Hispanic Heritage Month: Role models and research

October 8, 2021

How Dr. Zazil Reyes Garcia finds inspiration close to home and in her students.

Women posing for picture“I’ll have to say that the women in my family are my role models both personally and professionally.”

Dr. Zazil Reyes Garcia, associate professor and director of Communication Arts ABM Programs at the University of the Incarnate Word, points back to her mother, grandmother, and many other women in her family for her drive and ambition in life.

“My maternal grandmother graduated from medical school in Monterrey, Mexico in the 1940s, when not many women were pursuing a career,” said Reyes Garcia. “Her sisters started working at 15 to support her and their other siblings who had gone to college. My paternal grandmother was a homemaker until her youngest son left for college. She then enrolled into an education program and taught at underserved middle schools in Mexico City for decades.”

Reyes Garcia was born in Yucatán, Mexico, before coming to the U.S. as a teenager while her parents attended graduate school in North Carolina. She then returned to the U.S. in 2009 to pursue a Ph.D. at UT Austin and has been in Texas since then. Growing up, her mother was an activist scholar who, with a group of friends, wrote a weekly feminist column for a newspaper in Yucatán.

Reyes Garcia credits her dad with being a feminist, too, but she attributes the women in her family for her love of research, and her interest in the topics make the work enjoyable.

“I am obsessed with media and pop culture, so that’s the easiest part of my research,” said Reyes Garcia. Two women posing in front of poster “It’s hard to express in a few words what I’ve learned through my research. Most importantly, that Latinas/os/x have been vastly underrepresented and misrepresented in the media. That underrepresentation – both as producers of content and as subjects of portrayals – continues to be a problem, and that we have much work to do.”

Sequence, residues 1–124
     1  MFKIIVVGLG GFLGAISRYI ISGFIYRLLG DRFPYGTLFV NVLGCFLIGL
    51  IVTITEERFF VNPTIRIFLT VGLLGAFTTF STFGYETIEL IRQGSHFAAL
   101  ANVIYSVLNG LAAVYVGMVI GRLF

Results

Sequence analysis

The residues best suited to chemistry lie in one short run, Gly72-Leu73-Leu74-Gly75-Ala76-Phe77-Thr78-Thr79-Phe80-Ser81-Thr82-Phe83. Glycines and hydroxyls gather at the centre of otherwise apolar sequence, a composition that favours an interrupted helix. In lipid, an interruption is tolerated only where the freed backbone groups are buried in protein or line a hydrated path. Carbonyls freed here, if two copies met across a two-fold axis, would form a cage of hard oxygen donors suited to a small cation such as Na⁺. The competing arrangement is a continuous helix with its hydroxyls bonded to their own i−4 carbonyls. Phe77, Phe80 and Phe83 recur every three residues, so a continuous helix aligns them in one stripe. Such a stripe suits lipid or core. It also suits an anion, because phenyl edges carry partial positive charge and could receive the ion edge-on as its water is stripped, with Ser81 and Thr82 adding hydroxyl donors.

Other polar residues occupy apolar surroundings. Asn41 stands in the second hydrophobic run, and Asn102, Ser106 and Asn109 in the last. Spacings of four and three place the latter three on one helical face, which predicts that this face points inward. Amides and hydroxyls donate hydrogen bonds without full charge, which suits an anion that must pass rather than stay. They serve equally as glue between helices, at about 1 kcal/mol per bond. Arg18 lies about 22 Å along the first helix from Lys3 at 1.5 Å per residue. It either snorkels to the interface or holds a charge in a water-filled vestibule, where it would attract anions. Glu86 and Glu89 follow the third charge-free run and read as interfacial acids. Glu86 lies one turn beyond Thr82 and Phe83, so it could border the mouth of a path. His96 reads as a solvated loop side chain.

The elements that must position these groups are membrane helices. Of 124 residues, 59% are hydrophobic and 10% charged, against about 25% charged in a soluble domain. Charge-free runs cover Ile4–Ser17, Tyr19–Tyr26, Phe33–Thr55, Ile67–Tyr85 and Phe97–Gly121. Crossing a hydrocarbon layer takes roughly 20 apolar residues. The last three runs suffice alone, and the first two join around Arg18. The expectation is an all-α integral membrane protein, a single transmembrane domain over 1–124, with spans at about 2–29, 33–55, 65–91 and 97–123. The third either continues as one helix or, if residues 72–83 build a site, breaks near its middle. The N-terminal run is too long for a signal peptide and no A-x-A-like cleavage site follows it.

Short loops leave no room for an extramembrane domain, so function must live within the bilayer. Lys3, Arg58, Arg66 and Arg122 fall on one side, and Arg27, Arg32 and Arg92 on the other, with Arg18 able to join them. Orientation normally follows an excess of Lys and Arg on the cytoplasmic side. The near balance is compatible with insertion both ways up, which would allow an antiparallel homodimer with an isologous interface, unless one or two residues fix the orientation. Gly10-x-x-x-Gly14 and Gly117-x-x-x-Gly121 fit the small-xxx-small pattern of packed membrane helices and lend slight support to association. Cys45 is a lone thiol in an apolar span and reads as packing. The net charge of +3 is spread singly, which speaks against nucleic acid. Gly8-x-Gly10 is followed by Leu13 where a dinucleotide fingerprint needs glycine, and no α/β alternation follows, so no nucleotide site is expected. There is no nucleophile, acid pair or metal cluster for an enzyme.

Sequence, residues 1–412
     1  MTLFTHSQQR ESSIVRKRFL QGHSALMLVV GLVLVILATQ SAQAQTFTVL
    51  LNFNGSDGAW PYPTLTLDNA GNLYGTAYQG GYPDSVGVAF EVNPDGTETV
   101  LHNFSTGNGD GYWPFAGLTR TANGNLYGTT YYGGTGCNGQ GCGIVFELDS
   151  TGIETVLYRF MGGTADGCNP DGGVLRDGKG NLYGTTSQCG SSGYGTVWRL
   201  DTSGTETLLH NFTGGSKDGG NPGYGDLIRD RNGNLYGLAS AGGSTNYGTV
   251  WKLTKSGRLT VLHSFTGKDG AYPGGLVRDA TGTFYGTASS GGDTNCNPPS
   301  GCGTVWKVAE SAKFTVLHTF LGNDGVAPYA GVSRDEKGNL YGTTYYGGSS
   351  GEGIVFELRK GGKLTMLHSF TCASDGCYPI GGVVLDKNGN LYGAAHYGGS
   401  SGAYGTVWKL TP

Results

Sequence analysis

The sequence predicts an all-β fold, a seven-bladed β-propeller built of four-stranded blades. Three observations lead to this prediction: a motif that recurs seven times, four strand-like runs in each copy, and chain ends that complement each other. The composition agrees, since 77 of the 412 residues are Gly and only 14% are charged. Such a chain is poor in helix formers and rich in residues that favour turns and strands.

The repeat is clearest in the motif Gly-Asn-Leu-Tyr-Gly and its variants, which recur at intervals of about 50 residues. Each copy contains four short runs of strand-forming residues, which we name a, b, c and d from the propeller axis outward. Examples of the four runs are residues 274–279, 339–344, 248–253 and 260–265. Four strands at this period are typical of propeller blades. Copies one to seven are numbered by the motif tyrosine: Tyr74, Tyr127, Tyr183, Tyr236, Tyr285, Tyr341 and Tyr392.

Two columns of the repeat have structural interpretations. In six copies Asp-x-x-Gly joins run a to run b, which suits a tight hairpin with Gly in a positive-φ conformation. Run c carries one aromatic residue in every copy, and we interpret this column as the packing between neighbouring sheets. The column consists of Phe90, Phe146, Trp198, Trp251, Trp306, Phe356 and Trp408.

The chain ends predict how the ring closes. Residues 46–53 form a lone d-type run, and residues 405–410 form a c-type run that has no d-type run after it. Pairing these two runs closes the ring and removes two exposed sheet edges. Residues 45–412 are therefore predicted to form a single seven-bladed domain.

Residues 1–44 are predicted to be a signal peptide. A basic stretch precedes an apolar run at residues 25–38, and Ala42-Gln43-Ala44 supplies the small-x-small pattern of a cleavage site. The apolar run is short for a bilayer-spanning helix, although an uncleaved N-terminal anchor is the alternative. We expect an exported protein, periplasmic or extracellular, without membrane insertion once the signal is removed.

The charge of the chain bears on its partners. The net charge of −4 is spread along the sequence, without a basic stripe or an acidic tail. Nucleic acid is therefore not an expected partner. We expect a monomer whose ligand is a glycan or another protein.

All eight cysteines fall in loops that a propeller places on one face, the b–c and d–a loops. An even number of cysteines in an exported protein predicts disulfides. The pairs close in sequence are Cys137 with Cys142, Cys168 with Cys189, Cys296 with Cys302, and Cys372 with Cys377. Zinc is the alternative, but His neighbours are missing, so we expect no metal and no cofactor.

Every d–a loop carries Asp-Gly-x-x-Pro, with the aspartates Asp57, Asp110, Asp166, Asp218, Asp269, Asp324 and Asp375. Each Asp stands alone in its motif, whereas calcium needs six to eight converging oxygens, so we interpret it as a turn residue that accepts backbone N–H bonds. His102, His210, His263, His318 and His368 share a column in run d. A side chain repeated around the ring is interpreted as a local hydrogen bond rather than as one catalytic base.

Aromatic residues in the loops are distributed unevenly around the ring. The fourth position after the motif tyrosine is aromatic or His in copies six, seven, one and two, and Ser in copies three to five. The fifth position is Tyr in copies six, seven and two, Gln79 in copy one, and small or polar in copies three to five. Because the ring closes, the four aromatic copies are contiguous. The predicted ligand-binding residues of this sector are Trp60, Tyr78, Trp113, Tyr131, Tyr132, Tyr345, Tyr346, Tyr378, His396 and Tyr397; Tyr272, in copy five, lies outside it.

Reyes Garcia uses her classes to help continue that work, allowing her teaching and research to inform each other. She brings questions and information from research into her classes and allows her students’ experiences and questions to help shape her interests and future explorations.

Prior to joining the UIW family, Reyes Garcia had only visited San Antonio once, but she fell in love with the city and the community. Every person she met, she says, was very kind, and it was easy to see herself here.

“The first thing that attracted me to the school was the position,” said Reyes Garcia. “My department was looking for a professor in bilingual communication. when I met with the representative from human resources and they beautifully and seamlessly switched between Spanish and English during our conversation, I knew this is where I wanted to be.”

Reyes Garcia’s love for teaching has continued at UIW. Deciding which class is her favorite to teach is not an easy task. She says she tells each class “This one is my favorite!” and she means it, acknowledging that she teaches what she considers “all the cool classes.”

Reyes Garcia hopes her love of research and learning will influence her students, especially minority students. She wants them to understand the contributions that their communities have made and continue to make.

Women wearing masksReyes Garcia has worked with bicultural programs before, teaching courses in both English and Spanish in the U.S. and Mexico. She discovered a lot teaching in Mexico, but she has learned to appreciate diversity more since arriving at UIW.

“In the U.S., and especially at UIW, I have had the privilege of working with truly diverse student populations. It is more challenging and also much more rewarding.”

Through her love of research and teaching, and her desire to help her students contribute to the world, Reyes Garcia continues to point back to her role models as her guiding light.

“I owe the women in my family my interests,” said Reyes Garcia. “All of these women opened doors for others in their different professions. Those who are gone left a strong mark on the people around them and taught the next generations to strive for the same.”